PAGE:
Aquariums offer a window into the enchanting underwater world, showcasing the vibrant and elusive life that thrives beneath the waves. However, maintaining a healthy marine aquarium is a delicate balance of science and art, with various factors influencing the fragile creatures’ well-being. In the article, we shed light on the common pitfalls aquarium enthusiasts encounter, which inadvertently lead to the loss of marine life. This comprehensive guide not only explores the myriad reasons contributing to the demise of your beloved fish but also provides invaluable insights and preventative measures to foster a thriving aquatic environment. Delve into the essentials of marine aquarium maintenance and safeguard your underwater inhabitants against the silent killers lurking in the tank. Your journey towards a resilient and flourishing marine aquarium begins here.
Reasons Why Marine Fish Die in Aquariums
1. Starvation and Diet
New arrivals have a greater chance of not eating hand-fed foods for 2 reasons. First, many fish have not been properly fed since they were caught until you put them in the tank. The collectors normally don’t feed what they catch because it will make the fish poop in the shipping bag. Poop in the shipping bag equals ammonia in the water, which means less O2 in the bag and burnt fins and gills.
For the most part, sick fish don’t eat. Also, many aquarists don’t offer the fish the food they normally eat. Mandarinfish are a perfect example of this. Mandarinfish normally eat copepods and amphipods in the wild. They will not take any interest in that flake food you try to tempt them. There are methods for getting finicky fish to eat, but that is a topic for another article. When fish haven’t eaten for a while, they tend to lose their appetite, and it may not be easy to get them to start eating again, even if a desirable food is presented.
2. Improper Acclimation
Many aquarists do not acclimate their fish properly. They might adapt them to the temperature difference between the bag water and the aquarium water, but they don’t take the time to adapt them to the difference in pH. Some fish (and many invertebrates) are more sensitive to pH change than others. Taking the extra time to adjust the pH slowly will eliminate many critter deaths in an aquarium.
3. Parasite and Disease
Many fish (particularly surgeonfish) carry parasites (i.e. oodinium and cryptocaryon) hidden in their bodies. They may not be apparent when you receive them, but stress from capture and shipping can cause an outbreak in your tank shortly after you put them in. Fortunately, most fish diseases are curable if caught in their early stages and treated properly. Before placing them in your main tank, quarantine tanks are highly recommended for new marine fish arrivals. The parasites, in and of themselves, are not the actual “cause of death.” The actual cause of death is usually suffocation resulting from the mucus that the fish produces in the gills due to the parasite boring into the gills. Quite often, even if the parasites are killed, the resulting lesions become infected, causing death.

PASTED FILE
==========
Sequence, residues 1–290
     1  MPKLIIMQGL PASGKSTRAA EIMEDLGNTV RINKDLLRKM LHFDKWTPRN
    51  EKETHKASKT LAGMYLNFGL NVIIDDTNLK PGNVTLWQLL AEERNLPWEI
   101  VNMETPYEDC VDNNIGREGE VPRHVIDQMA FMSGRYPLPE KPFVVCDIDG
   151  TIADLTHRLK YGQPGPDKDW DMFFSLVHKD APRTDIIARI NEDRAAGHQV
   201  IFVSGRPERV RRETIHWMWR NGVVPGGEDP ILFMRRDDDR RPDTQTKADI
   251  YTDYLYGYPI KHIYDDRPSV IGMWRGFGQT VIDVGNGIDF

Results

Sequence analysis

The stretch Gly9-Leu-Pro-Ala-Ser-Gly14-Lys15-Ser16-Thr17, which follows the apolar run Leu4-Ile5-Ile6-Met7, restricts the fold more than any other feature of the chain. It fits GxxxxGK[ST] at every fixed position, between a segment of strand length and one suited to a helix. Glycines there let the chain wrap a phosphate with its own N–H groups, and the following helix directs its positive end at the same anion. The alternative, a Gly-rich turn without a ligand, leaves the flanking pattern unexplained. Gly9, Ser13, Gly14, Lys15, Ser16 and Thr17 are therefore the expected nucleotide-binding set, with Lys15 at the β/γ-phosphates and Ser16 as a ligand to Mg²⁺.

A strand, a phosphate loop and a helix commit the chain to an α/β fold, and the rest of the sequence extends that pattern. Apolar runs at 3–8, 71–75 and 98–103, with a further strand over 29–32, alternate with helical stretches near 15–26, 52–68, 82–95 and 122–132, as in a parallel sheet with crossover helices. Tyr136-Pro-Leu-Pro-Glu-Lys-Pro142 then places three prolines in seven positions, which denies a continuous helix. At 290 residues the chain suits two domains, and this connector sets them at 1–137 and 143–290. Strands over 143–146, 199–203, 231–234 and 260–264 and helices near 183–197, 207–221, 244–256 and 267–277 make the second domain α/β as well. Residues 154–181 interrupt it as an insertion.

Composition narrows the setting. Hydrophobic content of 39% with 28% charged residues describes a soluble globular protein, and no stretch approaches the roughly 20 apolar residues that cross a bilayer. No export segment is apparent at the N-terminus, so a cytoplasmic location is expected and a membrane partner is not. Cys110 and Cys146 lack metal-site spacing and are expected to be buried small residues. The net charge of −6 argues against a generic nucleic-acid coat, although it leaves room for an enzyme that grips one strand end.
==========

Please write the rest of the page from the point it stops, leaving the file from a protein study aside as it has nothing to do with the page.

No matter how much you might wish otherwise, a Volitan lionfish will eat any fish it can get in its mouth. That might seem like an extreme example, but many other fish species will not get along with certain other (or even some of their own) species. Using a good compatibility chart to see what probably won’t work together in your tank before you buy a new addition will save you a lot of time and money.
5. Poor Water Quality
To survive, fish require a stable environment within certain parameters. These parameters include proper salinity level, pH, low to no ammonia, and nitrates. Poor water quality contributes to immunological weakness, infections, and health. A fragile fish makes a good target for other fish to pick on. Proper water quality can be maintained by several means: partial water changes, proper filtration, adding trace minerals, regularly balancing the pH, and not overstocking the aquarium. Understandably, beginning aquarists lose more fish than experienced aquarium keepers. There is a lot to know, particularly with saltwater aquariums, and the learning curve is pretty steep.
6. Capture and Shipping methods
It should be mentioned here that many problems in hobby (and others) marine aquariums result from poor capture and shipping procedures. When a fish arrives in your LFSs and gets into their display tank, it has gone through many hands and been in several shipping bags. Normally, the collector catches the fish, takes it to a shipper, who puts it in a bag and ships it to a trans-shipper or wholesaler, who puts it in his system, then re-bags it and ships it to your LFS. Knowing how to identify signs of stress, disease, infection, etc.. Buying a new specimen will help avoid those new arrival deaths we often hear about.